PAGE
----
When the 35W bridge collapsed in 2007, Anna Hedberg was 24 years old and six days into her job as a Minneapolis Police officer. She rushed to the scene with her training officer, and climbed under rail cars to get to people in their cars.
“Seems like a lifetime ago,” she said of that day.
The 5-foot-3 cop would go on to work in north Minneapolis for more than 10 years and make sergeant doing a job she loved.
“I liked arresting bad people,” she said. “I liked putting the criminals in jail.”
Then she was elected to be one of the directors of the Police Officers Federation of Minneapolis.
And after George Floyd died under the knee of her colleague, she found herself in the spotlight, this time having to answer for former officer Derek Chauvin.
Ever since then, she said of policing Minneapolis: “It’s just bad.”
She spoke while sitting in her car in the garage, staring at bikes and thinking about all the hate mail she’s gotten in recent months. About the “serious arguments” she and her husband have gotten into “about what I do.” About being called a “crybaby Minneapolis cop” in a City Pages story for choosing not to live in the same city where she works because she wants to avoid running into people she has arrested in the grocery store with her daughter.
Today, sometimes it feels like the Police Department is collapsing under the weight of Floyd’s death — or perhaps under Chauvin’s knee.
Under pressure from constituents and activists, nine Minneapolis City Council members vowed to “begin the process of ending the Minneapolis Police Department” after Floyd’s death. The voters may have a chance to radically transform the department through a charter amendment next year.
The aftermath has been ugly. A wave of gun violence followed protests and has continued. 911 calls went unanswered, response times slowed, and council members and constituents accused police of deliberately pulling back to make a point.
Minneapolis recorded its 72nd homicide Sunday when a teenager was shot during a robbery in Uptown, almost doubling last year’s pace. The 5th Precinct recently warned of an increase in “persistent” and “very troubling” street robberies and carjackings, often by teens. Violent crimes are at the highest level in five years.
Are the police pulling back? Or are they overwhelmed, outgunned and outmanned? We’ve heard little from Minneapolis Police officers thus far, but Hedberg spoke expansively in a Reformer interview.
Slower response times indicate police have been less responsive to calls for help since Floyd’s death, but Hedberg said police have not pulled back, even though the phenomena has been documented elsewhere around the country after high-profile police killings.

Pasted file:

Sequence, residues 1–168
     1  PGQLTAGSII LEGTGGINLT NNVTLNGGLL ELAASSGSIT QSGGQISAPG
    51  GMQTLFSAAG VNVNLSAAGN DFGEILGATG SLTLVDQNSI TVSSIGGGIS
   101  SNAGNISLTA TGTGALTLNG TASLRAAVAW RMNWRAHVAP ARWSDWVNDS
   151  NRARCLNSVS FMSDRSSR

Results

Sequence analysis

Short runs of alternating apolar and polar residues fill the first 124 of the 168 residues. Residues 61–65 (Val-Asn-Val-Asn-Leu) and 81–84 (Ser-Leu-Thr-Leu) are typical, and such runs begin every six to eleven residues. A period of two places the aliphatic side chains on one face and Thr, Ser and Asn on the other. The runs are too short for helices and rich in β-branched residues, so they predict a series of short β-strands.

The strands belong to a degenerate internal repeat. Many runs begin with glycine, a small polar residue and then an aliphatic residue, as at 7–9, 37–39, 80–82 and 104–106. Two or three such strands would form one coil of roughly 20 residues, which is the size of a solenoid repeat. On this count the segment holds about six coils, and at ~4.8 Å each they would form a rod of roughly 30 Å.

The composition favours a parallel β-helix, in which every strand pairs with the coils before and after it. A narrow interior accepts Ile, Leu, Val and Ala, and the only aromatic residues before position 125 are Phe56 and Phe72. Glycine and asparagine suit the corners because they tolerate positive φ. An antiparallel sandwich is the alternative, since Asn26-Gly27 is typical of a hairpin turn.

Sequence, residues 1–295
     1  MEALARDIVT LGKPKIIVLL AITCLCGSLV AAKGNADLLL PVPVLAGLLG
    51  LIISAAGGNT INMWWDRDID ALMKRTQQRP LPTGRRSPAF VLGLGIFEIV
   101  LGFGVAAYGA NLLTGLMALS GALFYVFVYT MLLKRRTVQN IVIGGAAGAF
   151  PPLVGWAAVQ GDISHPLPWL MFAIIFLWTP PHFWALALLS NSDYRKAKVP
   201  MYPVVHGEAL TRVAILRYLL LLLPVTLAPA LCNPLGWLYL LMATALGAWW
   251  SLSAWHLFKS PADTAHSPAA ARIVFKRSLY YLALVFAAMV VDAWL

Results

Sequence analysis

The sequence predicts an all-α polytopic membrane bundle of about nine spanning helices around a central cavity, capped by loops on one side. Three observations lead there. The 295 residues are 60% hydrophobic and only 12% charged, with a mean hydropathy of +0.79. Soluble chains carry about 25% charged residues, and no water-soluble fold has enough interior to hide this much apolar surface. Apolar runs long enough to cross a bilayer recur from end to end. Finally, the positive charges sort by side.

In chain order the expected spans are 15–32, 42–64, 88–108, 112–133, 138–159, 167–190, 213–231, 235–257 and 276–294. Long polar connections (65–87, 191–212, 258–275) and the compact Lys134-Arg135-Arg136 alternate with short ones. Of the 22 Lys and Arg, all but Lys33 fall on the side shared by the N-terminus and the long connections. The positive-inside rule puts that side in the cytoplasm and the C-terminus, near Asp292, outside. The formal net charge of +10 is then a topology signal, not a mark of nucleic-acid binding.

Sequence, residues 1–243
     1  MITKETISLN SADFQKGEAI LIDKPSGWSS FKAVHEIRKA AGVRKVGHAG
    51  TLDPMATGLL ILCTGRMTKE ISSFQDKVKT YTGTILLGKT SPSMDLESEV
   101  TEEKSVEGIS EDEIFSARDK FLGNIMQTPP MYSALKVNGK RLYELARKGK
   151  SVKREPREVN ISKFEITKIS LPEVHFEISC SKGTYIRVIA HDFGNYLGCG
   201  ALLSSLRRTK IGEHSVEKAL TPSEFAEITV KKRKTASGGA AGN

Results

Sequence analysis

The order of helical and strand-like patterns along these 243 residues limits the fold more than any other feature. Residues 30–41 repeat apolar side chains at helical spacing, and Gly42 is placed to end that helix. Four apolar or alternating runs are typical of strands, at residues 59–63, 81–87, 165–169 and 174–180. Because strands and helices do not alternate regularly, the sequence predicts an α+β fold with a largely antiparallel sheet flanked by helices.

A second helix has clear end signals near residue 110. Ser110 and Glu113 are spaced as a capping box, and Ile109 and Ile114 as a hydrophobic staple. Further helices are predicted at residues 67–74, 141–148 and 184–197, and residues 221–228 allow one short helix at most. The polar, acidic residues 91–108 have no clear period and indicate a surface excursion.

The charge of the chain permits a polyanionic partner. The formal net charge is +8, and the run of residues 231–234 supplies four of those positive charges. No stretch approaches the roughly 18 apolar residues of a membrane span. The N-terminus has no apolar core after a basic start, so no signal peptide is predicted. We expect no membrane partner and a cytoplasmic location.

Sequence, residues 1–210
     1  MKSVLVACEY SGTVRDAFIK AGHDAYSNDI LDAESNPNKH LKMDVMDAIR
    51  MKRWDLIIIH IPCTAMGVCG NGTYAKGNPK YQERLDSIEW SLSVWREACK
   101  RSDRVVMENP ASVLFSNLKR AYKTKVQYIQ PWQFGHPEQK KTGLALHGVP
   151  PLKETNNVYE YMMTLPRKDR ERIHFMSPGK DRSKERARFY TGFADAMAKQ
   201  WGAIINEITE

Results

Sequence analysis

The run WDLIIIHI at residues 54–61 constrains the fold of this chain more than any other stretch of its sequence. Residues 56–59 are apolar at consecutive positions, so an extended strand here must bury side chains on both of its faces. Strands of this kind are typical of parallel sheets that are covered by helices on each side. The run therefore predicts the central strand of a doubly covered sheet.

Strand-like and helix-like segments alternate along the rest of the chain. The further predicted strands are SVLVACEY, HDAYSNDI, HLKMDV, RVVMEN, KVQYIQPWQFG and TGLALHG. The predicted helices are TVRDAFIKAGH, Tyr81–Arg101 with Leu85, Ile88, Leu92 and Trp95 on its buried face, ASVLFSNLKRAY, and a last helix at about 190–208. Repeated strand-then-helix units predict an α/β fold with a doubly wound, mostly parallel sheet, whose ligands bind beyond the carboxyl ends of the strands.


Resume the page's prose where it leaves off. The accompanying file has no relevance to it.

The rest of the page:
“We’re not skirting our duties to the 911 callers whatsoever,” she said. If people call 911, police are responding in priority order. If someone is shot, stabbed or beaten, their call takes priority over, say, a stolen vehicle. While responding, the officer may get called to another assault, or armed robbery, and on and on until eventually they get to the car theft.
“They’re out there trying to do their jobs,” Hedberg said.
The only place police are not responding to calls is the “autonomous zone” at 38th and Chicago, where Floyd died. “They have armed people around 38th and Chicago, primarily drug dealers or gang members,” Hedberg said. “That’s their territory.”
She acknowledged police are less likely to stop a drug deal on a corner or make proactive traffic stops now, because they’re stretched too thin and more hesitant about putting themselves out there.
She painted a scenario: Let’s say police are called to check on a Black Minnesotan.
“Within 10 minutes there could be 15 to 20 bystanders with cameras, yelling “(Expletive) you, (expletive) 12!” she said, the number 12 referring to a nickname for police.
When politicians say the police are corrupt, she said, criminals take that as a green light to have a “free-for-all.”
“Criminals know now they just show up in groups and make it nearly impossible for us to respond and take control of a situation,” she said. “It’s not that the police are pulling back, it’s that the criminals have been emboldened by the statements made by our failed elected officials and our city leaders.”
City Council member Steve Fletcher found it “odd” that Hedberg blames the council.
“It’s a very convenient narrative for someone who doesn’t want to change and who in fact actively resists change to try to pretend that the murder of George Floyd is not the reason the police are losing legitimacy in the eyes of many of our residents,” he said. “And that years of profiling and harassment and ketamine injections and lost rape kits… aren’t.”
He said there have been flare ups for decades where people have raised objections about policing, and the union’s response has been to resist change and “let it pass.”
“We’re just beyond the point where we can let this pass. This is way bigger,” Fletcher said. “If the federation won’t admit there’s a problem, I’m really not sure how they can be part of the solution.”
Council Member Jeremiah Ellison sarcastically asked if the union is also blaming the council for rising gun violence in other cities across the nation, referring to a spike in shootings elsewhere. People have lost faith in the police due to repeated police killings, not the council’s comments, he said. Speaking before the election, Ellison said the union was using these critiques to deliver Minnesota to President Donald Trump.
Minneapolis residents say when they ask police for help, officers sometimes tell them to take it to the City Council. Residents and members of the City Council say that response is a peevish abdication of responsibility.
Hedberg acknowledged officers have told the public to alert the City Council if they don’t like how things are going.
“I’ll say, ‘Call your council person and tell them,’ ” she said. “We have a group of 13 (council members) that wants a police force of utopia and maybe 100 cops to handle violent crime.”